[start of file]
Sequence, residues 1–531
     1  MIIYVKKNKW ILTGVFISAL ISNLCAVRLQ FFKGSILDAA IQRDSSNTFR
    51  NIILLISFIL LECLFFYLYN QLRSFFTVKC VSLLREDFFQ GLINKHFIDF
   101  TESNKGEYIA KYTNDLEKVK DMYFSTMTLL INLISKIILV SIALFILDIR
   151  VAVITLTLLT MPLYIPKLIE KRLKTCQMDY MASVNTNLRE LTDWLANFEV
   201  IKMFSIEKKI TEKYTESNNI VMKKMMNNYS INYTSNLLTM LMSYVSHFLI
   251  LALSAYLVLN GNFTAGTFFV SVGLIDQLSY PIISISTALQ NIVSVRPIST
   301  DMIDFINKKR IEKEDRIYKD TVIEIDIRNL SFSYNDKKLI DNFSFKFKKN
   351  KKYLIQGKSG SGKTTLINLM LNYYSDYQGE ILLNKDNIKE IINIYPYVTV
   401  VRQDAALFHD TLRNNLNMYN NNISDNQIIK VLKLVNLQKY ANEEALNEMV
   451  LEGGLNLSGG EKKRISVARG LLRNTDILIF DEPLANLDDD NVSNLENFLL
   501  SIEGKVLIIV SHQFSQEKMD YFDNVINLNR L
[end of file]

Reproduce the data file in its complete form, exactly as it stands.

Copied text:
Sequence, residues 1–531
     1  MIIYVKKNKW ILTGVFISAL ISNLCAVRLQ FFKGSILDAA IQRDSSNTFR
    51  NIILLISFIL LECLFFYLYN QLRSFFTVKC VSLLREDFFQ GLINKHFIDF
   101  TESNKGEYIA KYTNDLEKVK DMYFSTMTLL INLISKIILV SIALFILDIR
   151  VAVITLTLLT MPLYIPKLIE KRLKTCQMDY MASVNTNLRE LTDWLANFEV
   201  IKMFSIEKKI TEKYTESNNI VMKKMMNNYS INYTSNLLTM LMSYVSHFLI
   251  LALSAYLVLN GNFTAGTFFV SVGLIDQLSY PIISISTALQ NIVSVRPIST
   301  DMIDFINKKR IEKEDRIYKD TVIEIDIRNL SFSYNDKKLI DNFSFKFKKN
   351  KKYLIQGKSG SGKTTLINLM LNYYSDYQGE ILLNKDNIKE IINIYPYVTV
   401  VRQDAALFHD TLRNNLNMYN NNISDNQIIK VLKLVNLQKY ANEEALNEMV
   451  LEGGLNLSGG EKKRISVARG LLRNTDILIF DEPLANLDDD NVSNLENFLL
   501  SIEGKVLIIV SHQFSQEKMD YFDNVINLNR L